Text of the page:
Preparing for Cold-Season Boating
And what is ‘the season’? For some boaters it’s two seasons – spring and fall. For others it’s one season – fall/winter/spring. And hey, for some people who boat in frigid coastal or northern waters, it’s year round. Whichever category you fall into, whatever type of boating you do, if you’re going to boat on cold water you need to plan how to dress to stay safe and warm.
Terry, Jon and Casey shedding layers after an NRS spring boating trip.
© Pam Rogers
Why? Cold water kills. Simple as that. Read what Charlie Walbridge has to say about hypothermia. In addition to that danger, if you’re not well dressed and prepared, you’ll be cold, wet and miserable.
Some people say, “Yeah, I go out when it’s cold, but I only paddle in calm water (or only take short trips, or only boat for bird watching).” Fine, you can roll the dice. Ever hear of Murphy’s Law? As one of the guys here at NRS says, “Boaters are just people between swims.” And if we could only give one piece of advice, it would be “Dress for the Swim.”
So, cold water protection, what is it? Depends. No, not the diaper; it depends on lots of different factors. We discuss these factors in Cold Water Gear. Things like water temperature, your personal comfort range, the conditions in which you boat, your ability to self rescue, how long you might be in the water – those are all important considerations. Learn from others with experience of your local conditions; talk to friends, members of local boating clubs, boating forums like BoaterTalk and Paddling.Net and local paddlesports dealers.
Once you’ve answered those questions, you’ll need to make your choices of base layers, insulating layers and outer layers, as outlined in Layering for Cold Water Boating. Getting combinations that work well for your conditions makes all the difference in your comfort and safety.
Today there are many different choices and options available to boaters. Again, your local dealer can really help you with the decision process. Or, give us a call here at NRS, 877.677.4327. Remember, a friendly, knowledgeable person answers the phone when you call – no annoying phone trees. It’s easier to help you through a phone call, but we also work with you via email, email@example.com.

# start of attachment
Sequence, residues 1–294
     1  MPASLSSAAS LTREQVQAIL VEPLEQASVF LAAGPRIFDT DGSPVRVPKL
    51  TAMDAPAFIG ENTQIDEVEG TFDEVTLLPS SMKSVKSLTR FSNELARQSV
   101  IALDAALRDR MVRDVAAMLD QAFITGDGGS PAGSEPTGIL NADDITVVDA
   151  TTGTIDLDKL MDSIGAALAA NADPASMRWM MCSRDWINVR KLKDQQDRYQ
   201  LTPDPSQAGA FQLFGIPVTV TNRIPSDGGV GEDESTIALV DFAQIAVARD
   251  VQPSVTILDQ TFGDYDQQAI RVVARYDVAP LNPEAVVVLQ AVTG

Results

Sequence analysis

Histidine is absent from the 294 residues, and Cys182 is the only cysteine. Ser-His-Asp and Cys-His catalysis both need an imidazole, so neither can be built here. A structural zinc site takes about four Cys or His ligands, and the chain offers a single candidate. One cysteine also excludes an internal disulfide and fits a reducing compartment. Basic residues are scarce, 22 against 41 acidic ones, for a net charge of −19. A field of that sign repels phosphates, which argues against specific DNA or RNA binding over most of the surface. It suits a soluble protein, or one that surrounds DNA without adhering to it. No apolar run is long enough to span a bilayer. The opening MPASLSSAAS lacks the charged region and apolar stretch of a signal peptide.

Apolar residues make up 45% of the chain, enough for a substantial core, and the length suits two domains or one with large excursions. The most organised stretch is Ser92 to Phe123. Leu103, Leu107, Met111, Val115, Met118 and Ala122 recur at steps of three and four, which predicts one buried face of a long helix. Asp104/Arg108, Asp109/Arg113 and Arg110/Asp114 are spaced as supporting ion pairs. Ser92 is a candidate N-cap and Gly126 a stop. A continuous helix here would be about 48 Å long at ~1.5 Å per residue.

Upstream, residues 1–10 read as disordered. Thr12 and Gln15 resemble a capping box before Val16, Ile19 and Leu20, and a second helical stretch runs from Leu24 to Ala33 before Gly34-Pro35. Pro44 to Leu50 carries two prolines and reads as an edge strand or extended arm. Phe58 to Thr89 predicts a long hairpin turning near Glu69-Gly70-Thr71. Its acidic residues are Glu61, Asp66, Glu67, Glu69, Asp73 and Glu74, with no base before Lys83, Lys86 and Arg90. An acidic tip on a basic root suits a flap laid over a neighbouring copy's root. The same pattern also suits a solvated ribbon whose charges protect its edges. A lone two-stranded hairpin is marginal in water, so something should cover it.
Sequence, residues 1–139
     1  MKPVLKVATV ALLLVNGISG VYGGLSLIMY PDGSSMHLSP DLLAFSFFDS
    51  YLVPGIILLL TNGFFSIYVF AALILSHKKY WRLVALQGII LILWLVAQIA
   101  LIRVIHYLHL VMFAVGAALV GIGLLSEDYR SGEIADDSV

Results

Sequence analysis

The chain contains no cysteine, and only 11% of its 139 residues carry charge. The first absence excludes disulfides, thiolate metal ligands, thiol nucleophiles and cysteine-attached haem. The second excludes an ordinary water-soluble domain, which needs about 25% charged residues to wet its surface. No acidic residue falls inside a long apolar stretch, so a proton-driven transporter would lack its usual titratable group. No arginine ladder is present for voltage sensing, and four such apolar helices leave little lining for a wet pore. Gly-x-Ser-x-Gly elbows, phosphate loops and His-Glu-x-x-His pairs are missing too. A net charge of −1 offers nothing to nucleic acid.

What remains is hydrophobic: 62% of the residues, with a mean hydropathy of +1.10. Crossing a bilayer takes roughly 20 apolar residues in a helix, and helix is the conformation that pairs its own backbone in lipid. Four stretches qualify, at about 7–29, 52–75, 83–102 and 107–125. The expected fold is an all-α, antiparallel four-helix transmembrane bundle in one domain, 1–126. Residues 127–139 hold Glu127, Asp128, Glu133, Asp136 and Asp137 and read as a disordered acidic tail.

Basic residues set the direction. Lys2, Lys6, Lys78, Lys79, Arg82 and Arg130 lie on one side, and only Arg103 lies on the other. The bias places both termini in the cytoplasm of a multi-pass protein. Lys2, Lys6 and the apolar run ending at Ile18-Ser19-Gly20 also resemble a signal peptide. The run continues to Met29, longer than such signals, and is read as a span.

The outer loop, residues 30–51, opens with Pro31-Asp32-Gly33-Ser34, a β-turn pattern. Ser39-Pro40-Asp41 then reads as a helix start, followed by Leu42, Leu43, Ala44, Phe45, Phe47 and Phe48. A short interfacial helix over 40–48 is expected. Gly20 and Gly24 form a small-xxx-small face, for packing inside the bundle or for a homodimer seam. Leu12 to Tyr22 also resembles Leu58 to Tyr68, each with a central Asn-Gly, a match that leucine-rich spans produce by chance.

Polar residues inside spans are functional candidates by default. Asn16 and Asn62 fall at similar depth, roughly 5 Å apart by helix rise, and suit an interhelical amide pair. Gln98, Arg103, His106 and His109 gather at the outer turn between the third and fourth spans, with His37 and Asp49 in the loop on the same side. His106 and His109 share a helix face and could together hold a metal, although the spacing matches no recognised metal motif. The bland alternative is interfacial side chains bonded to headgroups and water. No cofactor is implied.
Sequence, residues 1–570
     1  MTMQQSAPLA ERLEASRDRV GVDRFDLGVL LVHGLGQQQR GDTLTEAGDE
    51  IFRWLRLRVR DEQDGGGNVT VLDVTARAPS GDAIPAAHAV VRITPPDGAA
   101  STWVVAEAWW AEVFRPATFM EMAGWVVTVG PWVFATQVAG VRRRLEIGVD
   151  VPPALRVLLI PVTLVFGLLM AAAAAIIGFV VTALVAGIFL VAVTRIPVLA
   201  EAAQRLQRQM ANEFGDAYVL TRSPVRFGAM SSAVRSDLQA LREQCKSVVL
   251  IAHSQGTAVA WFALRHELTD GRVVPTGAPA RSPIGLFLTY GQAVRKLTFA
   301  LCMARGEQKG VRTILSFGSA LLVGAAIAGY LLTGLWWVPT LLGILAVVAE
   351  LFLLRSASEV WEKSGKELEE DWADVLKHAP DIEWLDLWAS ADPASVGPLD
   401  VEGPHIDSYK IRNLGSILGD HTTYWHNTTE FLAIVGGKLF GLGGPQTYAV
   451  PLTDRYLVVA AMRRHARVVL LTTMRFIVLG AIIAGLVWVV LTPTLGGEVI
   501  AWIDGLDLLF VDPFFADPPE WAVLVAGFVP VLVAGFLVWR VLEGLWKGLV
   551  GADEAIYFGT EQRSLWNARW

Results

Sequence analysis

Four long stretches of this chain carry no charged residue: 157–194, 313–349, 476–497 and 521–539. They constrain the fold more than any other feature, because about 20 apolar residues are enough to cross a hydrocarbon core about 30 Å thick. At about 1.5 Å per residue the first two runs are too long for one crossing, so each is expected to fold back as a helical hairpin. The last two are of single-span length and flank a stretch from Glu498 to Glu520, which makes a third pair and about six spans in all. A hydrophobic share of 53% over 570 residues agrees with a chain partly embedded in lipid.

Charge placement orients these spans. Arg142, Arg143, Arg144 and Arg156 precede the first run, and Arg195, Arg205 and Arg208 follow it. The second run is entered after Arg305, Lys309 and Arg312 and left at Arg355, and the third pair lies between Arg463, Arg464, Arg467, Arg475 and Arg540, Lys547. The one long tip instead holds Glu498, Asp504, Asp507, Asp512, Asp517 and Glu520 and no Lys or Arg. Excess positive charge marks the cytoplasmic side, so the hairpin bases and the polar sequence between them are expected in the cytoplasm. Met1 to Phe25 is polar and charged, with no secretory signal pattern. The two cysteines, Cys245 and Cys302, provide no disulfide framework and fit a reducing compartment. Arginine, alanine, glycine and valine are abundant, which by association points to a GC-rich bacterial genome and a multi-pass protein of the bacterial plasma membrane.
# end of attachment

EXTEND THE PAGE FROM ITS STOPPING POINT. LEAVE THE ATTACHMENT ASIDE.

While you’re preparing yourself for cold water boating, think not only about yourself but also of the safety of people you boat with. Are you dressed well enough to go into the water to help rescue someone? If a member of your party is injured, will your apparel choices, either worn or carried along for emergencies, be adequate to wait with them until help arrives, perhaps even overnight?
Don’t forget about your extremities when building your gear bag. Although we exposed the “you lose most of your heat through your head” myth in Heat Loss and Your Head, you’ll enjoy the warmth you get with a Mystery Head Warmer. Your hands and feet are farthest from your heart and lose heat quickly. You’ll need neoprene gloves, water shoes and wetsocks for protection.
As snow comes a drifting down, George gets suited up for NRS swiftwater rescue training in the icy Potlatch River.
© Keli Keach
Protecting yourself when boating in cold water involves more than making the right apparel choices. In Fueling the Fires Within we explain in-depth the nutritional and hydration needs your body has in order to function efficiently in cold weather.
In any but the most park-and-play, boat-along-the-road sort of boating, you’ll be wise to pack along some survival supplies. In even a small dry bag you can put some dry clothes, first aid supplies, fire starting materials, a small headlamp and a survival bivvy sack. Also include some energy bars and/or other forms of compact nutritious food. (Editor’s Note: I learned this lesson the hard way. Once, my son Ben and I had to do an emergency overnight bivouac with only a jar of pickled okra for sustenance!)
Boating when the water is cold often opens up 50-75% more days for boating. When you’re properly protected, you can have a great time. Usually, there are fewer people on the water then, you see more and different wildlife and the scenery can be fantastic.
The key phrase there is “properly prepared.” If you’re not, at the very least you’ll be uncomfortable and won’t enjoy the trip. At the worst you become one of those statistics we read about. Be safe, be prepared.
Boat Often & Boat Safe!